Inclusionary programs produce affordable units through market-rate, private sector development projects. In almost all cases, a city or county’s planning department is the first line of contact for developers. However, since most other affordable housing programs typically live within a different department, there must be some level of coordination between the housing staff and the planning department in order for a jurisdiction to meet its affordable housing goals.

In most larger cities, a developer seeking project approval works independently in parallel with planning and building staff and housing department staff. This hands-off practice appears to be more typical of larger, more complex urban jurisdictions where inclusionary requirements are relatively inflexible and there are too many projects in development at a given time for staff from different departments to work together in any meaningful way.

In some medium-sized jurisdictions, the planning division flags relevant development applications for the housing division. Housing division staff in some jurisdictions also regularly attend meetings with the planning division to discuss upcoming projects. Other jurisdictions make sure to involve housing division in specific project review meetings with developers.

In some of the smaller jurisdictions, where there is flexibility in the inclusionary program and a sufficiently small number of projects to deal with, housing division staff may work very closely with planning staff and private developers to shape projects.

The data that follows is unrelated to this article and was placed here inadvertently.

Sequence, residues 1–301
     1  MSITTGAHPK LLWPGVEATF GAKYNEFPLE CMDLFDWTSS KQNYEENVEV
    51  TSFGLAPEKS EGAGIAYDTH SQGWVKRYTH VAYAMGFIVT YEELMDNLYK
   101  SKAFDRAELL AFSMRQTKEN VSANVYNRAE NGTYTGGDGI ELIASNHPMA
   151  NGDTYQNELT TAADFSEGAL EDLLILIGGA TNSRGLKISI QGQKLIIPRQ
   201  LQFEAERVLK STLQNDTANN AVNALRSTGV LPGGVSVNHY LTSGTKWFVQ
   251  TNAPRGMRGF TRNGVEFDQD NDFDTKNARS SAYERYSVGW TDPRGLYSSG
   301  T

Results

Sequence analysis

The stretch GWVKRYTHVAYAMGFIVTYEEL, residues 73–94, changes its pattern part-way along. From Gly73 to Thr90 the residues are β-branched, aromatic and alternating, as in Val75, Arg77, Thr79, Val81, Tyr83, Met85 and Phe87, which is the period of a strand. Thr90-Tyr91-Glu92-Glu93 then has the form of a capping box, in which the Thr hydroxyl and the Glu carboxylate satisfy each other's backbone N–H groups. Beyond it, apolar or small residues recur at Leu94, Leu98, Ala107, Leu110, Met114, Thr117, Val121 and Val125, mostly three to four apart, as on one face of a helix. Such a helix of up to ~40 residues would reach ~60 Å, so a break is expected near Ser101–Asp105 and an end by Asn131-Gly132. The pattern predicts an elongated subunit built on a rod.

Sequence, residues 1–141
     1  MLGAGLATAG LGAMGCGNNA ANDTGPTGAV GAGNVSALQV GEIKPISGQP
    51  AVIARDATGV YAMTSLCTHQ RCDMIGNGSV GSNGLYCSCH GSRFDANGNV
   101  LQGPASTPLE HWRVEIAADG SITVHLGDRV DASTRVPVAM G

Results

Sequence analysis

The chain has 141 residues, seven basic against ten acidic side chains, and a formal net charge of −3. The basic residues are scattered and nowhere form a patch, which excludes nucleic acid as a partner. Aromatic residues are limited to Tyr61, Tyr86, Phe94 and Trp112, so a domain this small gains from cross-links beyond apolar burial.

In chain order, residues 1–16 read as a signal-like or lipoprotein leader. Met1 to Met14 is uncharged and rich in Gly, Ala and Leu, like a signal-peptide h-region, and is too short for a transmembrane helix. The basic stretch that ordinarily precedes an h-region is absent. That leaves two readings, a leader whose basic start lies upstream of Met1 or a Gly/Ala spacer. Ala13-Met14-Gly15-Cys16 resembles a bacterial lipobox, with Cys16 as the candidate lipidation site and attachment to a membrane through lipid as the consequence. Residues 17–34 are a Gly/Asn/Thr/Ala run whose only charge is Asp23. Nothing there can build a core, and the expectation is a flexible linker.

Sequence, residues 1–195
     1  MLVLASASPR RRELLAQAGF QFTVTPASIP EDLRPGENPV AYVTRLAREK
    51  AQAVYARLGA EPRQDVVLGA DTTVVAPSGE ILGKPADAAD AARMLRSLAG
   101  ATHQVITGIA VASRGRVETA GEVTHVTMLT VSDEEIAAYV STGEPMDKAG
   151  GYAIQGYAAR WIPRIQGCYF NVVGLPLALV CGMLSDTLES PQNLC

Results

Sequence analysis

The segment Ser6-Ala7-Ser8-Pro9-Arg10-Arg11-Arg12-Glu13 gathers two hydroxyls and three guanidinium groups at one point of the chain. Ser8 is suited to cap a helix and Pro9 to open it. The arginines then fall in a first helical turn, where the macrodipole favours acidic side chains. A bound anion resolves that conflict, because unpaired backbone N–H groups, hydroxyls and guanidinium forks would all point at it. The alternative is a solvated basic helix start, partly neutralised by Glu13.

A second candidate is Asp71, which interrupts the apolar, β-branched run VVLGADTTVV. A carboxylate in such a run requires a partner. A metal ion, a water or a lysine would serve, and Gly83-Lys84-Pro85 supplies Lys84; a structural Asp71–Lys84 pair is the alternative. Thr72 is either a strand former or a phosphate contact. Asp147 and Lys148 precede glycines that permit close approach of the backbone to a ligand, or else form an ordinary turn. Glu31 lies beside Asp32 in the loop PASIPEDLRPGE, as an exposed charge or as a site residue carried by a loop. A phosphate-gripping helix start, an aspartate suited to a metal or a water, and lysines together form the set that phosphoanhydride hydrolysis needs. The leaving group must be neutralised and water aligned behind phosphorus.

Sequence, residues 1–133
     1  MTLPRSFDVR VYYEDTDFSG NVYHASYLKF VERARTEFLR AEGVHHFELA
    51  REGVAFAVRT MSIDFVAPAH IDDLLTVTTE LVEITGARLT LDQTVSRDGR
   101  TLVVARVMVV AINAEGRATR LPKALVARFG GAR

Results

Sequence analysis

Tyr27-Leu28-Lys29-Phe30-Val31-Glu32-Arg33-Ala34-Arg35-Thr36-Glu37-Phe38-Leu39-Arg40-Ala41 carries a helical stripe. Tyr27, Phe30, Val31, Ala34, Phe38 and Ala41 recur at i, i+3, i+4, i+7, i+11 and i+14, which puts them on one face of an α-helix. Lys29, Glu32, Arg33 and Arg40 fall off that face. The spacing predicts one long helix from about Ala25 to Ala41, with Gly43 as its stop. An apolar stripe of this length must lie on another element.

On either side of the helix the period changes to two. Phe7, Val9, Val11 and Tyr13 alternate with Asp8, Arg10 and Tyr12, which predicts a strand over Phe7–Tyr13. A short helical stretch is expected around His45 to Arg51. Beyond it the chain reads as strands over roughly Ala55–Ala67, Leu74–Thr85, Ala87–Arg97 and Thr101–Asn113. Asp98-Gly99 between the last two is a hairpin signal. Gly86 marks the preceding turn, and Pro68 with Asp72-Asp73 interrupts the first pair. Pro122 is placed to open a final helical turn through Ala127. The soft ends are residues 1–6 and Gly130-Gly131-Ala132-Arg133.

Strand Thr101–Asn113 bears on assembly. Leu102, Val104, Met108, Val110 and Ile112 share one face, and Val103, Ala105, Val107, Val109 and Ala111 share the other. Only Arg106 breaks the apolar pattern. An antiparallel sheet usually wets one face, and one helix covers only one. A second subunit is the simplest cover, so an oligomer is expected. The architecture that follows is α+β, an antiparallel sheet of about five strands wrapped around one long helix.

Montgomery County, Maryland

In Montgomery County inclusionary program staff includes a planner who sits on the planning department’s development review committee, which reviews all developments before they reach the county planning board.

Suggested Best Practices

Small and Medium-sized Jurisdictions

In small and medium-sized jurisdictions, where it is practical for housing staff to be involved in all significant development applications, the housing department should:

  • Be notified automatically of new development proposals when a developer files a complete planning or zoning application.
  • Be involved in reviewing development proposals side by side with planning staff from the beginning of internal discussions about the development proposal.
  • Participate in regularly scheduled development review meetings with planning staff to make sure that all upcoming projects are discussed from the perspective of housing goals.
  • Have dedicated housing staff members who have planning expertise work very closely with developers and the planning department.

Larger Jurisdictions

In larger jurisdictions where it would be impractical for housing staff to be involved in all significant development proposals, housing staff should:

  • Make sure that the planning staff who will do most of the interaction with developers are very knowledgeable about inclusionary program requirements, permissible alternatives etc.
  • Conduct periodic training sessions with planning staff to make sure they understand both the rules of the inclusionary program and the policy desires behind the rules.

All Size Jurisdictions

In all jurisdictions, housing staff should work with the planning department not only to review pending development proposals, but also to review and comment on proposed changes to the city or county master plan, or any area plans that may be developed, to ensure consistency with housing policies and goals.